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Russian Foxbat Live Import


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Product Details

  • Audio CD (Oct. 1 2001)
  • Number of Discs: 2
  • Format: Import
  • Label: Connoisseur
  • ASIN: B000006Y3Z
  • Average Customer Review: 4.6 out of 5 stars  See all reviews (8 customer reviews)

Disc: 1
1. Smoke On The Water
2. Grind
Disc: 2
1. This Time Around
2. Tommy Bolin guitar solo
3. Stormbringer
4. Highway Star (version 1)/Not Fade Away
5. Smoke On The Water/Georgia On My Mind
6. Going Down
7. Highway Star (version 2)

Product Description

A legendary concert by the David Coverdale-Tommy Bolin fronted version of the veteran heavy metal group at the Long Beach Arena was extensively bootlegged for years until 1995 when the band decided to capitalize on the recordings themselves. So here are blistering versions of "Smoke On The Water", "Burn", "Highway Star", "Lady Luck' and many more. This Is Music. 2004.

Customer Reviews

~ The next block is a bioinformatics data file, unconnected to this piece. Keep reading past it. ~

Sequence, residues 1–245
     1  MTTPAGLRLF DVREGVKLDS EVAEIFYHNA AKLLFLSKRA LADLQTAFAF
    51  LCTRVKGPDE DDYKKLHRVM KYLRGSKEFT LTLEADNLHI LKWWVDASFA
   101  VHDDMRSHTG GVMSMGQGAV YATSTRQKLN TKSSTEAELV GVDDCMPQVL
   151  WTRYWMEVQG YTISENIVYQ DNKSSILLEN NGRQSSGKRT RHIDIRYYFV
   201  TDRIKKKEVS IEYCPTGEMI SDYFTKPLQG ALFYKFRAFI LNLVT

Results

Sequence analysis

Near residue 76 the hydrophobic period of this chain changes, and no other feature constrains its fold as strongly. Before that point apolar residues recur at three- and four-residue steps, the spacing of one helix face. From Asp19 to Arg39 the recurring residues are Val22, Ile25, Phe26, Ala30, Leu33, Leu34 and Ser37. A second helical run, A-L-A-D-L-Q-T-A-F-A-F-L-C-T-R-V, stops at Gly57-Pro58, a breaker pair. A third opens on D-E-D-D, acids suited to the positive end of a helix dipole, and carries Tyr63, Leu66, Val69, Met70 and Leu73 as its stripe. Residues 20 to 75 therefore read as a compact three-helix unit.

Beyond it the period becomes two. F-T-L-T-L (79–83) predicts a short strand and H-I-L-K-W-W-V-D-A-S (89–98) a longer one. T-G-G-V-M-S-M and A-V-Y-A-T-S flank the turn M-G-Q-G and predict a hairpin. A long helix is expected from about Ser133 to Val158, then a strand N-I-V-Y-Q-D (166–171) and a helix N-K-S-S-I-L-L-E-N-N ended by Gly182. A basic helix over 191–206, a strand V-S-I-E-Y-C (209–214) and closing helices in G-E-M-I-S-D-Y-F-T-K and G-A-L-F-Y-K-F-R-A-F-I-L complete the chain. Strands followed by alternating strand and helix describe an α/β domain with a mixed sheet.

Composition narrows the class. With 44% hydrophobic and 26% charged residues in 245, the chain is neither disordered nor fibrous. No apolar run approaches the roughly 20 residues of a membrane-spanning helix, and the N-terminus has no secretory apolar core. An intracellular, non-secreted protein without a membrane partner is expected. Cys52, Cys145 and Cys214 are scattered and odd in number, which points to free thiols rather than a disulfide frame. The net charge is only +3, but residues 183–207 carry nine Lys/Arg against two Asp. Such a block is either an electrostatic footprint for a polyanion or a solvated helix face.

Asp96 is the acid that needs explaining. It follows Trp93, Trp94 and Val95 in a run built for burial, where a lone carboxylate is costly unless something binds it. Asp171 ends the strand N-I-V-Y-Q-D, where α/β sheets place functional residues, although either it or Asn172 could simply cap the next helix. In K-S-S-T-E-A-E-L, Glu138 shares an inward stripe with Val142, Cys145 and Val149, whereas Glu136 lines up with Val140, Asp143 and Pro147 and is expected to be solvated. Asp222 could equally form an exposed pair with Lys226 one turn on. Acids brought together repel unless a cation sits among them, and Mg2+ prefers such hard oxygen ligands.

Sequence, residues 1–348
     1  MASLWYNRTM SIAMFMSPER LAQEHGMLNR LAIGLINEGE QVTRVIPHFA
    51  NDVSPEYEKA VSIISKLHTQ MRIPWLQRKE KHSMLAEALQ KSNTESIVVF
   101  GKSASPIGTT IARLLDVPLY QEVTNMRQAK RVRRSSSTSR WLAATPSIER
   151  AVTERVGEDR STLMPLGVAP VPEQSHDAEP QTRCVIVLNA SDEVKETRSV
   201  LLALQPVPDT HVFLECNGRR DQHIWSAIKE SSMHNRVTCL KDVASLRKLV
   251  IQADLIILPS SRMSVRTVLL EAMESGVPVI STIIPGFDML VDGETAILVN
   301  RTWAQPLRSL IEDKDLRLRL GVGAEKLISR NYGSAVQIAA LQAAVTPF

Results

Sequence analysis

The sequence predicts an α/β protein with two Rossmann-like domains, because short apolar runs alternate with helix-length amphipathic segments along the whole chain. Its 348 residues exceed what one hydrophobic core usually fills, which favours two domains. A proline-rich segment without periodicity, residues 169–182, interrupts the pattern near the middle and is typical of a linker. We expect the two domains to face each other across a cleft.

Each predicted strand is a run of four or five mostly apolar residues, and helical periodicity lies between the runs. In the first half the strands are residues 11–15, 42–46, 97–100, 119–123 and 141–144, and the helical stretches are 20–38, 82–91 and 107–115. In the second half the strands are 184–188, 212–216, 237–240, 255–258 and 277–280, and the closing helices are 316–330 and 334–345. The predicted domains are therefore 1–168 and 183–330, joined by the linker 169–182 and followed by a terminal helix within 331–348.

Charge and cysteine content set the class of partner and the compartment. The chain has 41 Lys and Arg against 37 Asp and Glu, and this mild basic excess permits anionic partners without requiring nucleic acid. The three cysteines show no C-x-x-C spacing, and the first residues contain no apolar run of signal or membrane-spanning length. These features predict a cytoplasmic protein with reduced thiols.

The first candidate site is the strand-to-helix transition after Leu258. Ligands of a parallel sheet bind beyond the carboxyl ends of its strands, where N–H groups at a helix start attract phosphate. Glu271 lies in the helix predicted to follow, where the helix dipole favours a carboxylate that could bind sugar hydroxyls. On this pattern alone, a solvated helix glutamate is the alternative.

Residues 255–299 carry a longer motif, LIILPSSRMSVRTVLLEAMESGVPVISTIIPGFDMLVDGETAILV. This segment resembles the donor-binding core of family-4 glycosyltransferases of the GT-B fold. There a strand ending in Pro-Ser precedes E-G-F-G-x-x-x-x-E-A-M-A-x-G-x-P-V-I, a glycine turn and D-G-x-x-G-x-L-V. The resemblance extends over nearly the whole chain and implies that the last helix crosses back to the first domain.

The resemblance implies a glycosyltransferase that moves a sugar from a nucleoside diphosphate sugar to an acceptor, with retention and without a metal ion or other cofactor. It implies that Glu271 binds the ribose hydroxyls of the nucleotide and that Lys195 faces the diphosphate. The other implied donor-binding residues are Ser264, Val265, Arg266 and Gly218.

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Most helpful customer reviews

Format: Audio CD
This is certainly Deep Purple MKIV at their best when you compare this record to "the other record" (Last Concert In Japan). The problem with MKIV was, IMO, first of all that drugs were at this time playing a big part in the band. Bolin and Hughes drug abuse is well documented, and I think that their behavior did much harm to the band. Hughes voice is not on top form here like it was in '74, but he gets the job done even though he, at times, sound a little "tired". Great bassplaying as always! Tommy Bolin gives a very good impression here, but at times it sounds like he is afraid of even trying to fill Mr. Blackmores shoes. On his own solosongs and the songs from Come Taste The Band (a truly great Purple offering) he is amazing, and shows why Billy Cobham chose him to play on his Spectrum album.
Lord and Paice is great as always. Paice is at his peak here, and Lord is...well, Lord!! Coverdale sounds a little "tired" at times, but does a fairly good job.
All in all a great Purple record that shows that the MKIV line-up had potential as a liveband. The band sounds really funky, and shows a new side of Purple that I like very much. To bad that someone blew it by living the rock'n roll lifestyle...